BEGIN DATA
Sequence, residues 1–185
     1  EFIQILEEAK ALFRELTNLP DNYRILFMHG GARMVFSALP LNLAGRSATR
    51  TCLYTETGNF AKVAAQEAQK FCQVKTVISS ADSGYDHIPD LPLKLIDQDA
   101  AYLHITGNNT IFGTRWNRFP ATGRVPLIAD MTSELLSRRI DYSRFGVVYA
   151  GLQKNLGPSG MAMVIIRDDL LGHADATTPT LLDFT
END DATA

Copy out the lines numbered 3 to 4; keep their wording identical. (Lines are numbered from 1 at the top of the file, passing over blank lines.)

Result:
    51  TCLYTETGNF AKVAAQEAQK FCQVKTVISS ADSGYDHIPD LPLKLIDQDA
   101  AYLHITGNNT IFGTRWNRFP ATGRVPLIAD MTSELLSRRI DYSRFGVVYA